LiveTiles Presentation of Chatbots by exClone

We had an exciting gathering last Friday at the LiveTiles office to explore future directions via LiveTiles platform, digital workplace. LiveTiles offers a unique tool to curate and create content that is relevant to vertical needs of an enterprise without any coding requirement. Now, through the same channel, artificial intelligence applications can reach Sharepoint users one of which is exClone’s expert chatbots.

We have demonstrated Wendy, an example of employee assistant that can be launched by any enterprise using their own content. The example included simple interaction of Wendy bringing health benefits information and answering questions. Wendy’s expertise can include health insurance policies as well as all other different benefit information.

There is literally no limit to the type of content that can be curated as part of Wendy’s expertise. For example, a derivative of Wendy can be created to include training material, compliance, in-house surveys, and employee testing. One of the most important properties of exClone is to allow chatbot creators to develop a chatbot in a single-step machine learning process. Similar to LiveTiles feature, chatbot creation with exClone does not require any coding or any working knowledge of AI. This is how Wendy looks like through LiveTiles platform.

More about Wendy will be announced soon. Stay tuned for an exciting future!


Chatbots Obey the Two Principles of the Human Brain: (1) Laziness, (2) Stimulus Junkie

Let’s start with the laziness aspect. If I flash two pictures in front of your eyes in a split second, you will recognize one picture instantly, and you will have no clue of the other. Guess which one is which?

For evolutionary reasons, the human brain’s cognitive capacity is largely reserved for image recognition to detect dangers instantly. Obviously, a tiger would not send you a text message before attacking; therefore, “reading” is not a biological priority. Since humans started to read only for a few thousand years, we are not yet evolved to balance the picture above. As a result, “reading” is a painful and tiresome activity. We all know this from school days. Hence the saying “a picture is worth thousand words.”

Now the same comparison can be made with these two images. The image replaced by tiger is still not as easily recognizable, however, it is much easy on the eye. And the most importantly, it promotes focus that is one screen, one place, one single action for interaction. The reason for messaging platforms to be so widespread and popular is this basic principle of FOCUS that plays into the hands of a lazy brain. Probably, half of the messaging activity includes pictures and videos, satisfying the hunger of a lazy brain through this focused interaction.

The second principle is that the human brain is a STIMULUS junkie. In a boring environment, a human brain will always steer toward something more exciting. Curiosity and learning have strong ties to the evolutionary instincts of survival. It is “in our nature.” Stimuli can now be delivered instantly by mobile devices. Chatting/texting with a friend on a mobile phone while socializing with others has recently become a widely acceptable form of social interaction. Everybody silently agrees that we all need to be stimulated even during the short, dull moments of our social gathering. It may actually improve our social relationships since we no longer have to endure boredom when we get together.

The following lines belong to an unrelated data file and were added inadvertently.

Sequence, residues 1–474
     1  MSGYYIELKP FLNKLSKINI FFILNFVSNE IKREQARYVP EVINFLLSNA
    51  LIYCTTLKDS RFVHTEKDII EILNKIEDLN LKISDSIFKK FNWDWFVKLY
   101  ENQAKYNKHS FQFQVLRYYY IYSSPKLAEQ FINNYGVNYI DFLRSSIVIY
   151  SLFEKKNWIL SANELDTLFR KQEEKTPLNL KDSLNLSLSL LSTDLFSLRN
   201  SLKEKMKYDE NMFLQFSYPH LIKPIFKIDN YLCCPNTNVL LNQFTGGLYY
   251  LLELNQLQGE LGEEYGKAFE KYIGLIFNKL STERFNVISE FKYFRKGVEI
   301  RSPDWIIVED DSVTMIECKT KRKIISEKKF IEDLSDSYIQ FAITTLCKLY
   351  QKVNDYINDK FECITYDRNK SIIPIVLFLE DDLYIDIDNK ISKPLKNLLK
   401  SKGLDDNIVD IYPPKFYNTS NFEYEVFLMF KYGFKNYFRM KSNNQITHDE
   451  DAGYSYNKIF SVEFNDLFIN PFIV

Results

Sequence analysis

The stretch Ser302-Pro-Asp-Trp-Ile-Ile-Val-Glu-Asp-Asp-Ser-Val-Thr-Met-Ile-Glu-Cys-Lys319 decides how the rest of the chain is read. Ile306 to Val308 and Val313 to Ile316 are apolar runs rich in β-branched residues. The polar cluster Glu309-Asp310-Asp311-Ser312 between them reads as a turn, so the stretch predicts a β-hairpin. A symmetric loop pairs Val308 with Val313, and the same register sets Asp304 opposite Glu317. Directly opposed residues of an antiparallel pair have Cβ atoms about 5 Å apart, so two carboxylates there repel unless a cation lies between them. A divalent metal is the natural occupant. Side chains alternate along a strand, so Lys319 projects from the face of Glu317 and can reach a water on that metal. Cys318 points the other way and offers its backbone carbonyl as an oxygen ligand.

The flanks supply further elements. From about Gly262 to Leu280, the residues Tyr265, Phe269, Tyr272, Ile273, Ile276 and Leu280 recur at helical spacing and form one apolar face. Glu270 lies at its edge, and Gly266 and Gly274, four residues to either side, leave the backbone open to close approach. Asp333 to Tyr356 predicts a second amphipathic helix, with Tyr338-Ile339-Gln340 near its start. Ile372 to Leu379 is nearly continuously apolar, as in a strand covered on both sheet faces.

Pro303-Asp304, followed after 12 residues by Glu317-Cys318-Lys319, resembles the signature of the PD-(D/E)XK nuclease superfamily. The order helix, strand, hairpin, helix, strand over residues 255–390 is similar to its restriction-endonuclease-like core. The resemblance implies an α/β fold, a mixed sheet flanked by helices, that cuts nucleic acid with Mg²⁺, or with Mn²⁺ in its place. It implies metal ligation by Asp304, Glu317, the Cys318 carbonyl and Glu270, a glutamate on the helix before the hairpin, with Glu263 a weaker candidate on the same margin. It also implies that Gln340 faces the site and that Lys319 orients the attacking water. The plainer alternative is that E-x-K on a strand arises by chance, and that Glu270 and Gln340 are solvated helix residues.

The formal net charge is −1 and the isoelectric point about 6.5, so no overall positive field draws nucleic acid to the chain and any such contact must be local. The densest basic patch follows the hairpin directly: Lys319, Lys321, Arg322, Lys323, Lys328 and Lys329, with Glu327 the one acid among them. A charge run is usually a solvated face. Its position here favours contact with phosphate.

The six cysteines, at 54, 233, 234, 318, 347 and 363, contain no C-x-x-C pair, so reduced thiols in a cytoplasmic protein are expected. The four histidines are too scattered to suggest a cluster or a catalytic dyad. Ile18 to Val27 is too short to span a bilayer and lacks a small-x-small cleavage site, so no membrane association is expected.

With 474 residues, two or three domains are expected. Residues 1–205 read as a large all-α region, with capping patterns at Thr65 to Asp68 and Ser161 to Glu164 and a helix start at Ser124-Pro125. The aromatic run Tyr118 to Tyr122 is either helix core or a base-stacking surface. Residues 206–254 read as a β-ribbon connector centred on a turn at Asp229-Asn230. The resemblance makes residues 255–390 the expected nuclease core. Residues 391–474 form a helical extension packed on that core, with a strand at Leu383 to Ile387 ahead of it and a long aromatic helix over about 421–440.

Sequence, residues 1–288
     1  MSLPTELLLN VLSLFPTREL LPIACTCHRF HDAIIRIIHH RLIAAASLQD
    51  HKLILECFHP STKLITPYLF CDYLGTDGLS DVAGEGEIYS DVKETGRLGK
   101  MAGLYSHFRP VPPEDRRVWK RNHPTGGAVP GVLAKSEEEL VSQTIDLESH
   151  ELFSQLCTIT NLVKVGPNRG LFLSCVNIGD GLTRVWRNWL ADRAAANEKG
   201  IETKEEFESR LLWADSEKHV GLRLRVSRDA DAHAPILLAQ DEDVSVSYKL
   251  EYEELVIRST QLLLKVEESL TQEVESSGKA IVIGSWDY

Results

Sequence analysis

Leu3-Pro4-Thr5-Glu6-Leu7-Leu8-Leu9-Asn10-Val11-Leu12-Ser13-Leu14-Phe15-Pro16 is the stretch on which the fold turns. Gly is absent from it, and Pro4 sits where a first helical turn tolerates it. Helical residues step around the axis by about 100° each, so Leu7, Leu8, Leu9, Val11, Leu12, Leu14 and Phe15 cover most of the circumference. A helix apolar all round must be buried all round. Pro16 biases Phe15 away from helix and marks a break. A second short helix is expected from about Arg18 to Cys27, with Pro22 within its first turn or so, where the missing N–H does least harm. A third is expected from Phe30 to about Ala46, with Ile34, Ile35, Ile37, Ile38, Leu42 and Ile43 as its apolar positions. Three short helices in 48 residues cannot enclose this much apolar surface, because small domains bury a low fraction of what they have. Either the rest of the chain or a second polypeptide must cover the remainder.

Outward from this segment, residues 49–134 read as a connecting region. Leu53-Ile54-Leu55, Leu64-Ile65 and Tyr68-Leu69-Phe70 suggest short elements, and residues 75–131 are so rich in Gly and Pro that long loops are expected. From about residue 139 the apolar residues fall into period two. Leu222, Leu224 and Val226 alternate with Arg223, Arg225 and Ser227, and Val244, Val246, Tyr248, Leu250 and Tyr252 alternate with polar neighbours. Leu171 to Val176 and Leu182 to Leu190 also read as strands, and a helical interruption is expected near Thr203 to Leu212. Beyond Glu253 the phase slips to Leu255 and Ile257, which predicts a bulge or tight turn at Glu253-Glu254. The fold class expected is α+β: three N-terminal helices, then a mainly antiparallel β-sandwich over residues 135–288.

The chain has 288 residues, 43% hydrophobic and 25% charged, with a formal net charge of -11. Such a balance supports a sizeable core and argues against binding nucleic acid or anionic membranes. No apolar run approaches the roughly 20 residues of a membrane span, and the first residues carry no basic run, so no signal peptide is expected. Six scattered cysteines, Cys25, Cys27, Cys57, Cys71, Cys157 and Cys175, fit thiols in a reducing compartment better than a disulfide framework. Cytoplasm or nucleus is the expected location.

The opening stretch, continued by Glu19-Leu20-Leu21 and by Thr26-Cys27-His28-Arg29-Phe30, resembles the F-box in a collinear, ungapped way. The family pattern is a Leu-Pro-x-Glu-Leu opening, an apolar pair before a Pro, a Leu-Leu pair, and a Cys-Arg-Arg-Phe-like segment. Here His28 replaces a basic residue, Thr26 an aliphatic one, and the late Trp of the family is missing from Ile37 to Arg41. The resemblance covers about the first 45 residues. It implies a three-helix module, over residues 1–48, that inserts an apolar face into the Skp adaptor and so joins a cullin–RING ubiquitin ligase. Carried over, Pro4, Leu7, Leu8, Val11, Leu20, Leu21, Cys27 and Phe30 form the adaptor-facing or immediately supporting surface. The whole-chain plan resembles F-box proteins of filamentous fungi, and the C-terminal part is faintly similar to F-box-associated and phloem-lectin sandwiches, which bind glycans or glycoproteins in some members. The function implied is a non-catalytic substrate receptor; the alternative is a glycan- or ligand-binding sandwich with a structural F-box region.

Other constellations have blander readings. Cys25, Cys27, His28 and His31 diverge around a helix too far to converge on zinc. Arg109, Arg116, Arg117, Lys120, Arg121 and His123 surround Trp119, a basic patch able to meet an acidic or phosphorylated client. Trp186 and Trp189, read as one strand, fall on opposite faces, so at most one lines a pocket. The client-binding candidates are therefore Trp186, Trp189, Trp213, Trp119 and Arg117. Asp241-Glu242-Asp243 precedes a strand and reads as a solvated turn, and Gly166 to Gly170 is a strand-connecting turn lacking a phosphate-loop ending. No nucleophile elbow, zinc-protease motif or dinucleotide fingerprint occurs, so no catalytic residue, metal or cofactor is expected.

If people have already chosen chat/text as one of the most precious priorities in their lives, then why not use the same tool (Chatbots) to interact with computers, databases, websites, machines, and even with books?

That is the point of departure of this new wave of realization across the tech world. The only problem, though, is that chatbots are not as easy to develop as many people assume so. It requires the culmination and curation of machine learning, natural language processing, and the psychology of human dialogue. These are not easy skills to deploy, and the market will eventually filter out its natural selection of the fittest. Chatbots are here to stay and occupy our lives in the next decades to come.

exClone Chatbot, Debate Guide, on The Wall Street Journal’s Politics Front Page

exClone’s chatbot, called Debate Guide, which is developed for The Wall Street Journal, has made it to the Politics front page last night following the 1st presidential debate. It is titled as “DEBATE DATABASE” positioned on the right top corner.
WSJ Front Page 9-28-2016The exClone, Debate Guide, is an example of how chatbots deliver a simple conversational search function. It has received over 60,000 conversations so far, showing high engagement rate. We will report conversational analytics of this operation after the election in November 8th, 2016. You can try Debate Guide and examine what the presidential candidates said during prime-time debates.


6 Reasons Why Chatbots are the Next Gold Rush in Tech World

The term “chatbot” is on its way to become a household concept sooner than anyone has expected. Although chatbots have been around nearly three decades, their promise have just recently started to accelerate in the media. The emergence of mobile devices equipped with voice recognition apps contributed to this upsurge. Also, a more diluted name “digital assistant” helped people’s perception. However, the user acceptance bar is still very high with chatbots unlike many other applications. Is the science and technology finally caught up to pass this bar? Here are the six reasons that summarize the gold rush nature of the chatbot business.